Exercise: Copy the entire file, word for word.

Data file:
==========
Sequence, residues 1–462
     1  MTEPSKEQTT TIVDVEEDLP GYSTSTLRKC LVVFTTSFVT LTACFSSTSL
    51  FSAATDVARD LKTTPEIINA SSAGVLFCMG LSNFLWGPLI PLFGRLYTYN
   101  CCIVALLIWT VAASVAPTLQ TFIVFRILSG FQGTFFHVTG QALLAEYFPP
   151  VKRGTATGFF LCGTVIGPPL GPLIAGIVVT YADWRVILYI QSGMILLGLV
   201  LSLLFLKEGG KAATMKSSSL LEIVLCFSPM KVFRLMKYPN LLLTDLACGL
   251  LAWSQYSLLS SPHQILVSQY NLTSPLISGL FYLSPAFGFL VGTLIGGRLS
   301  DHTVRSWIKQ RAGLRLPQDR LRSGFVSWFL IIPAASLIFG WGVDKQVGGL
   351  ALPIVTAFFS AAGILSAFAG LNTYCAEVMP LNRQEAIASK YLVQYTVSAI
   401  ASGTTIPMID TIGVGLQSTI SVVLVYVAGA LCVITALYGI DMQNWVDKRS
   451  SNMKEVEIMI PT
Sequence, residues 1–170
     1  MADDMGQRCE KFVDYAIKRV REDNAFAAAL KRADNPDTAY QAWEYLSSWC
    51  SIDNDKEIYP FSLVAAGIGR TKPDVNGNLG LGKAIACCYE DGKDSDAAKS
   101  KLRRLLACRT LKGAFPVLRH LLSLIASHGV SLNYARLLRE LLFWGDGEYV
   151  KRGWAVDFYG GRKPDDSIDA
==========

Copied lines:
Sequence, residues 1–462
     1  MTEPSKEQTT TIVDVEEDLP GYSTSTLRKC LVVFTTSFVT LTACFSSTSL
    51  FSAATDVARD LKTTPEIINA SSAGVLFCMG LSNFLWGPLI PLFGRLYTYN
   101  CCIVALLIWT VAASVAPTLQ TFIVFRILSG FQGTFFHVTG QALLAEYFPP
   151  VKRGTATGFF LCGTVIGPPL GPLIAGIVVT YADWRVILYI QSGMILLGLV
   201  LSLLFLKEGG KAATMKSSSL LEIVLCFSPM KVFRLMKYPN LLLTDLACGL
   251  LAWSQYSLLS SPHQILVSQY NLTSPLISGL FYLSPAFGFL VGTLIGGRLS
   301  DHTVRSWIKQ RAGLRLPQDR LRSGFVSWFL IIPAASLIFG WGVDKQVGGL
   351  ALPIVTAFFS AAGILSAFAG LNTYCAEVMP LNRQEAIASK YLVQYTVSAI
   401  ASGTTIPMID TIGVGLQSTI SVVLVYVAGA LCVITALYGI DMQNWVDKRS
   451  SNMKEVEIMI PT
Sequence, residues 1–170
     1  MADDMGQRCE KFVDYAIKRV REDNAFAAAL KRADNPDTAY QAWEYLSSWC
    51  SIDNDKEIYP FSLVAAGIGR TKPDVNGNLG LGKAIACCYE DGKDSDAAKS
   101  KLRRLLACRT LKGAFPVLRH LLSLIASHGV SLNYARLLRE LLFWGDGEYV
   151  KRGWAVDFYG GRKPDDSIDA